Empty campus communications can’t replace real diversity, equity and inclusion work

by Joseph K. Clark

Teresa Valerio Parrot is the principal, and Erin Hennessy is the vice president of TVP Communications, a national public relations and crisis communications agency focused on higher education.

As communication consultants, we’re often brought in to help the leadership of colleges and universities navigate some of their biggest challenges. More and more, that means issues involving diversity, equity, and inclusion, or DEI.

Teresa Valerio Parrot Permission granted by TVP Communications.

It’s essential to work. But often, it’s work we aren’t equipped to complete. To help you report that you take DEI seriously and have moved the needle on campus climate, you need to have done something and have some indicators that show it’s working.

College and university presidents and chief diversity officers struggle to move forward in meaningful, specific ways to make their institutions’ cultures more inclusive. But without digging in and doing the work to chart a course, there’s nothing to communicate.


The urge to put communications before progress is understandable based on the expectations for immediate change. The rate at which colleges can realistically progress on big, complex, and nuanced challenges can be infuriatingly slow. AsntAnd for presidents with numerous mounting issues on campus, it can be tempting to cave to time pressure and the sometimes unrealistic expectations our communities have for how fast improvements can be made. But we urge leaders to avoid resorting to empty words and stick with the hard work. Sending a message can be done today to quell pushback instead of channeling effort and energy for a more extended, sustained effort with a more significant impact.

Erin Hennessy Permission granted by TVP Communications.

DEI topics garner campus, media, and social media attention because they tell first-person stories and outline changes our communities need. Based on the emotion associated with these calls for action, leaders push themselves for what feels immediacy and end up with half-baked processes that are not ready to be shared with the community. We ask leaders to stop thinking of campus climate and diversity feedback and demands to be dodged or survived.

We advise against oversharing plans to achieve a more inclusive culture before building the infrastructure, feedback loops, wraparound services, and other support necessary for success. Otherwise, those plans don’t match the community’s lived experience and become performative. Communicators can only share the change that has occurred or is planned. We need the institution’s efforts to have the gravitas demanded by the moment and match the community’s expectations.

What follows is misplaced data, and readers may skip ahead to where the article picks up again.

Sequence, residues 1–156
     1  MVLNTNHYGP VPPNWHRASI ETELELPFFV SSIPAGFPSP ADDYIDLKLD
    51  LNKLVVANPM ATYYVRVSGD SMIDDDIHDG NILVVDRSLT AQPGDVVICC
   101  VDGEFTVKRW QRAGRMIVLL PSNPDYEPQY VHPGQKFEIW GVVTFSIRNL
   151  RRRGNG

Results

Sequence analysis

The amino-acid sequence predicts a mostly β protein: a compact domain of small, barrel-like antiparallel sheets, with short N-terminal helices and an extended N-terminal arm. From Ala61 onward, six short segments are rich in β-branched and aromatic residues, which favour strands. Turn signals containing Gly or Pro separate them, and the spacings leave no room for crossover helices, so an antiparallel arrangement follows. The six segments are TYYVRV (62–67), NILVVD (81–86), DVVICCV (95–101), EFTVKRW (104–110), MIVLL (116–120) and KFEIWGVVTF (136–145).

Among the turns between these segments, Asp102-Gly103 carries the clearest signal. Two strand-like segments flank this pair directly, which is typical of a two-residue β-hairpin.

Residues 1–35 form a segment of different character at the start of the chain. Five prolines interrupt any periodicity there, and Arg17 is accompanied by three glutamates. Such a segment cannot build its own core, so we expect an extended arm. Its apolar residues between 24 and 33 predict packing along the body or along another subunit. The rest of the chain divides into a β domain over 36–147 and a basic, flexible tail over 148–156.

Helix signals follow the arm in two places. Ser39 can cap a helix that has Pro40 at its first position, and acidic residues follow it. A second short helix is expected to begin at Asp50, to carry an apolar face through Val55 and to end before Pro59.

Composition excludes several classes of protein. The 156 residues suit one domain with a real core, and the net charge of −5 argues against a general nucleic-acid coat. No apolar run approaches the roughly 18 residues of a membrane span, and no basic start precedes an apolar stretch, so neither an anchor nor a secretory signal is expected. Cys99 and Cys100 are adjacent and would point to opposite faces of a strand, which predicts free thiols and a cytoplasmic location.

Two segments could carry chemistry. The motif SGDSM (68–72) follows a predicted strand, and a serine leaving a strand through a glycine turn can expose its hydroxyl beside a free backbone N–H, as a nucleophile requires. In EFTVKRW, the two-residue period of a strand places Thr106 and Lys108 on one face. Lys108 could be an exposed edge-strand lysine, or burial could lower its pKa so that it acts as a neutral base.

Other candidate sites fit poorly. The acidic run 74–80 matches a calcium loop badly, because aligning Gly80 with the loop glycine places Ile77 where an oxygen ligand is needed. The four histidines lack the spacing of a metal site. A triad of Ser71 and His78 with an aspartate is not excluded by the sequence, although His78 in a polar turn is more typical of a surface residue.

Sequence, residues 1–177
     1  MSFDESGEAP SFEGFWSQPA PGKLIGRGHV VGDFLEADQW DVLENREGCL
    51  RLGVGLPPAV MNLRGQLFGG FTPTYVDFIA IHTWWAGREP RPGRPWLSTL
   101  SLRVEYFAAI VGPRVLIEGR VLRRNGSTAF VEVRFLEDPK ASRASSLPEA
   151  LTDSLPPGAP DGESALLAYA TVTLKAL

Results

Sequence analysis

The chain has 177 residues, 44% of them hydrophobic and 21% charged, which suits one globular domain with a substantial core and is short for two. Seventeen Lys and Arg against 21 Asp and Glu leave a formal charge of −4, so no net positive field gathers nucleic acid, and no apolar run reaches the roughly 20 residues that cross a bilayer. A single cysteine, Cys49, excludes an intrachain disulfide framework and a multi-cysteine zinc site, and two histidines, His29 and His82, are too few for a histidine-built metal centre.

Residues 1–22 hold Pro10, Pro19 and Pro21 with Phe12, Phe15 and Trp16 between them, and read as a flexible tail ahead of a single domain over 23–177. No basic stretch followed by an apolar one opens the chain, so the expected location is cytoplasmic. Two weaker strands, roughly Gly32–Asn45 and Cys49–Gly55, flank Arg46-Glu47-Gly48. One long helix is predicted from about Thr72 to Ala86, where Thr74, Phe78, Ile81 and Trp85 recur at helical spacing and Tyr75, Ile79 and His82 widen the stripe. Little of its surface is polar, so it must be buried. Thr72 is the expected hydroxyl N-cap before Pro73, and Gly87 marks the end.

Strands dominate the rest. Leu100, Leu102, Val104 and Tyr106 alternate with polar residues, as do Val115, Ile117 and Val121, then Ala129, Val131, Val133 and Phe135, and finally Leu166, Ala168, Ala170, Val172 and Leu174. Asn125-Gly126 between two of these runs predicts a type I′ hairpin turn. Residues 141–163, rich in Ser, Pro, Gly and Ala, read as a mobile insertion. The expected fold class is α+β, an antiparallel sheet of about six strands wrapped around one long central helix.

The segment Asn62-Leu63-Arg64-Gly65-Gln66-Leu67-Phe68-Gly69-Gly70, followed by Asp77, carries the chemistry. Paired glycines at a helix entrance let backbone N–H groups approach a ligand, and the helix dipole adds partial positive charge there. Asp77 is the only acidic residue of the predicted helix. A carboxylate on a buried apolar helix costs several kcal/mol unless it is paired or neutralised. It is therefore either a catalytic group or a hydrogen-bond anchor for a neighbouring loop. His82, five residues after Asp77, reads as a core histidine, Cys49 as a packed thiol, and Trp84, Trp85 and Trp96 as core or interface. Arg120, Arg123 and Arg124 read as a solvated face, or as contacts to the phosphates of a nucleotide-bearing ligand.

This is particularly important as colleges and universities prepare to welcome students, faculty, and staff back. They are likely not patiently waiting for the resumption of DEI initiatives post-pandemic. Their expectations of campus leaders have only grown while we’ve all focused on COVID responses. Our internal audiences do not want to — and should not have to — wait any longer to feel comfortable and welcome in academia. A lack of progress in creating inclusive communities will rightly cause criticism that performative communications can never fix. Rhetorical statements are no substitute for being able to say with details and resources, “Here’s what we’ve done. Here’s what we still need to do. Here’s what you can expect from us. Here’s what comes next.”

Presidents should provide a substantive update on DEI work to their communities as the fall semester begins and outline the resources they are willing to commit to moving efforts forward meaningfully. In preparing this update, they should include those tasked with and accountable for diversity and equity work in the communications rollout. Many campuses have diversity officers or other campus leaders who can provide depth to the institution’s work but who often aren’t included in leadership messaging. Often these campus leaders have access to insight into what the campus wants to hear and from whom. This level of tailoring shifts a message from seemingly empty words to instead reflect campus needs.

Indeed, diversity progress doesn’t just live with the chief diversity officer or the president; work must be done across the institution. All campus community members should be accountable for growth and change. But bringing a communications consultant in to address climate and diversity issues on campus only works if the problem is communications. If the matter is that leadership isn’t doing what was promised or isn’t working in a substantive way to lead the community, then bringing in any communicator as a fixer will leave leadership that much more vulnerable. And even the most skilled communicator can’t communicate an institution out of that leadership void.

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